JPMorgan Chase CEO Jamie Dimon will be interviewed under oath about his company’s ties with deceased child sex predator and financier Jeffrey Epstein.
Lawsuits from an unnamed victim of Epstein and the government of the U.S. Virgin Islands allege that JPMorgan Chase benefited financially from its relationship with the pedophile. Attorneys have uncovered communications from JPMorgan Chase employees which mentioned a “Dimon review” into the company’s relationship with Epstein, according to a report from the Financial Times based upon unnamed sources.
Dimon, who has led the investment bank since 2005 and is widely considered one of the most powerful executives on Wall Street, will be deposed behind closed doors in May. Another source told the Financial Times that there is no record of direct communications between Dimon and Epstein, who worked with JPMorgan Chase between 1998 and 2013.
JPMorgan Chase has denied that Dimon had knowledge of a review into the firm’s associations with Epstein and rejected the notion that the company benefited from sex trafficking.
News of the upcoming deposition comes one week after United States District Judge Jed Rakoff tossed most of the charges against JPMorgan Chase and Deutsche Bank in the proposed class action lawsuits from the Epstein accuser and the U.S. Virgin Islands. Attorneys will be permitted, however, to contend that both companies benefited from the Epstein sex trafficking scheme by providing him with financial services.
“Epstein’s sex trafficking operation was impossible without the assistance of JPMorgan Chase, and later Deutsche Bank, and we assure the public that we will leave no stone unturned in our quest for justice for the many victims who deserved better from one of America’s largest financial institutions,” lawyers for the U.S. Virgin Islands and the Epstein victim, identified only as Jane Doe, said in a statement.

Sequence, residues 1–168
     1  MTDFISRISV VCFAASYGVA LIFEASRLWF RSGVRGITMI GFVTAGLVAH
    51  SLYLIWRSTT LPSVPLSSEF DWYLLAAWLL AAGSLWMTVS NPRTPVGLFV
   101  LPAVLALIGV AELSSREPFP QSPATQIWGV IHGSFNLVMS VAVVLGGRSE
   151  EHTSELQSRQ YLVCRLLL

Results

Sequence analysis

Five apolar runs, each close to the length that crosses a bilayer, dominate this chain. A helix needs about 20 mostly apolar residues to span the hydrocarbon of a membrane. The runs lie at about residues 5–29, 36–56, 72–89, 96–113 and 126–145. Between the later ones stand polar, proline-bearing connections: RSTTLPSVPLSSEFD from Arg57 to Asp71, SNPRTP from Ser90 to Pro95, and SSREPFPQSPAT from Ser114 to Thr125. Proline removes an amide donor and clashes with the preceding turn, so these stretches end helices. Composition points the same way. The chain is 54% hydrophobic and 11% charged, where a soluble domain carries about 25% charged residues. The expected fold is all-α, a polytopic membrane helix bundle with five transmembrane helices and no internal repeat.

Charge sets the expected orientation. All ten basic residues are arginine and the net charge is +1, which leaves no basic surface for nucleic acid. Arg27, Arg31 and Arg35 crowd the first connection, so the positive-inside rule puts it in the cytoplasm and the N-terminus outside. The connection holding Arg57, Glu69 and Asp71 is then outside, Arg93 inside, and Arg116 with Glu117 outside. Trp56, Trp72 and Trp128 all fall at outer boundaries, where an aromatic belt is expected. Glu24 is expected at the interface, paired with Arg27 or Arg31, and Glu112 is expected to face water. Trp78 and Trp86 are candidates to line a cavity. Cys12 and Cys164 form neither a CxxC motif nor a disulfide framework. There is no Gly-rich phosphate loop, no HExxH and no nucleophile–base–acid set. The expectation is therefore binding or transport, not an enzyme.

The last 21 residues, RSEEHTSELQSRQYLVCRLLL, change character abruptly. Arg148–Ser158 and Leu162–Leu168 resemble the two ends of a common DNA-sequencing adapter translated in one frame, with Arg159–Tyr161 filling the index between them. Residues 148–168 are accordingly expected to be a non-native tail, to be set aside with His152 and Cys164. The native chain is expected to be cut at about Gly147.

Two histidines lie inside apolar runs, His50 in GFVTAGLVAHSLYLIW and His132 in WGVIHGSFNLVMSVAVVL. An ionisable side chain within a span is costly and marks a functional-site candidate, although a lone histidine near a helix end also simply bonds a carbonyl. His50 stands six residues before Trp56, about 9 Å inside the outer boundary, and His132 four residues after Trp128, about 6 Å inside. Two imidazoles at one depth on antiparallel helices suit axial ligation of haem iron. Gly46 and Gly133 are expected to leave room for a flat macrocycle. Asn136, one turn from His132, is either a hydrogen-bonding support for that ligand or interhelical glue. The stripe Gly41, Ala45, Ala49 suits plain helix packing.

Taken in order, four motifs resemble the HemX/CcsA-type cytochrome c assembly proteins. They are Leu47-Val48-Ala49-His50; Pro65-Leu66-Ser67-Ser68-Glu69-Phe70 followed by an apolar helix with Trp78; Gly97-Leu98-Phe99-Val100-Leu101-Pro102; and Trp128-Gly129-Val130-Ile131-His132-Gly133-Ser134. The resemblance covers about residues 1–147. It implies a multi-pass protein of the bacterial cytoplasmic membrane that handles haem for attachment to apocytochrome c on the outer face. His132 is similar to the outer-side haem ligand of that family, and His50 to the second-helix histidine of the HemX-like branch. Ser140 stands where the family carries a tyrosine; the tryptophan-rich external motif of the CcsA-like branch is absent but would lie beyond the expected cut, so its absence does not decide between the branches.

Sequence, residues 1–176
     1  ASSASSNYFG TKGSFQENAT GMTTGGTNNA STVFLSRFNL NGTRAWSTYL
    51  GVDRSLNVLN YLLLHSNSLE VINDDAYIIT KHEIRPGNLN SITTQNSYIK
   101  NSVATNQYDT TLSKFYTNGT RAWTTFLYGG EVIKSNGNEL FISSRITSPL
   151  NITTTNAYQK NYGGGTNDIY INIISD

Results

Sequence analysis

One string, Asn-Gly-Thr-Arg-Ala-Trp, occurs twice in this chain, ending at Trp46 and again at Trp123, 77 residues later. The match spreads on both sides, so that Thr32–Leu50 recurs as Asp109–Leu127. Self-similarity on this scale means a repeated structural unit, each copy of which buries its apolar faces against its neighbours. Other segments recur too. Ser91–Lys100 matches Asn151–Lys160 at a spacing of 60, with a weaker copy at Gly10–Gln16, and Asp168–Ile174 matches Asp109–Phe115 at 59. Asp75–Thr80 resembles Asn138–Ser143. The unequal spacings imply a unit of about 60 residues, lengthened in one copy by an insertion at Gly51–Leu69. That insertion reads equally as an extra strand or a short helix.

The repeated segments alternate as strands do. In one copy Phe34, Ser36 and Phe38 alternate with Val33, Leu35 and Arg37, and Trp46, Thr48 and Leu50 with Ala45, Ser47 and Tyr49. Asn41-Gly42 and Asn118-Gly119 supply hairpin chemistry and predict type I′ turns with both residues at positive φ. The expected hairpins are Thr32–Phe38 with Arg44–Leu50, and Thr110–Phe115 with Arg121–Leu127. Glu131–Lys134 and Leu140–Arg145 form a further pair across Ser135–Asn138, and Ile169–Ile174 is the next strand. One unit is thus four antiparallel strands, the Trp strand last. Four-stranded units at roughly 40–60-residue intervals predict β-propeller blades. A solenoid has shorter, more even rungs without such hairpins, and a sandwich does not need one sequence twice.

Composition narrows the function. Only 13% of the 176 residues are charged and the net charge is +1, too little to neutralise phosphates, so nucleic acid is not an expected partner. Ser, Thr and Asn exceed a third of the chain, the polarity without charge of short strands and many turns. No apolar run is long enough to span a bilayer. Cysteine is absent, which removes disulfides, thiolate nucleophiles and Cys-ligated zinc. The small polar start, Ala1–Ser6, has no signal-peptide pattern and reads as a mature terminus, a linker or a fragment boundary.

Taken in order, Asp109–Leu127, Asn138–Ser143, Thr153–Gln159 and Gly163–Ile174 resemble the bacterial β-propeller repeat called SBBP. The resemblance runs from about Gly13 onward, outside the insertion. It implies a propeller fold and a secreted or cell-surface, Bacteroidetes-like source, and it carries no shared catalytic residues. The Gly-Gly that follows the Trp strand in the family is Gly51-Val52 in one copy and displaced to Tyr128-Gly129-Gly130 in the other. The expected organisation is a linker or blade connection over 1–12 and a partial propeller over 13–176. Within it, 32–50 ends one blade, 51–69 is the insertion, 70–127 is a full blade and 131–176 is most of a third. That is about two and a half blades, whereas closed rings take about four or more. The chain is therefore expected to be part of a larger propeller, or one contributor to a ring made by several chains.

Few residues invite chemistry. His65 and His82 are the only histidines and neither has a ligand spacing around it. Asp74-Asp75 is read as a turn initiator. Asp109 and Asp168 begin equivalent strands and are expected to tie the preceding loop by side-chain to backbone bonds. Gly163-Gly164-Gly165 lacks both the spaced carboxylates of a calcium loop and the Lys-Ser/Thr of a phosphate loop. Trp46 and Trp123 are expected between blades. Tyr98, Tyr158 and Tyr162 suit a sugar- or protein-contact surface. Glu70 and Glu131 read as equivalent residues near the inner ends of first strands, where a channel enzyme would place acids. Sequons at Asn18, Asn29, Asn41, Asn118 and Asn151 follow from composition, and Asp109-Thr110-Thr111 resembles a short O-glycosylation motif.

The complaint from Doe asserts that Epstein, who ran a hedge fund before his death in 2019, benefited from special treatment at JPMorgan Chase because he attracted clients to the investment bank. Most of the Epstein hedge fund’s business went to Deutsche Bank after he ceased business with JPMorgan Chase in 2013.
The new complaints against the financial institutions come after managers of the Epstein estate agreed to settle a lawsuit with the U.S. Virgin Islands at the end of last year over enforcement actions related to the territory’s laws against fraud, sex trafficking, and child exploitation. The estate agreed to pay $105 million and half of the proceeds earned from selling the island of Little St. James, which has acquired nicknames such as “Pedophile Island,” and $450,000 to remediate environmental damage around Great St. James, another island owned by Epstein.
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The financier purchased Little St. James in 1998 and owned the property until his death. The island has allegedly hosted former President Bill Clinton and British Prince Andrew; a pilot who formerly worked for Epstein testified that he had seen the two individuals, and former President Donald Trump and actor Kevin Spacey, on the deceased predator’s aircraft.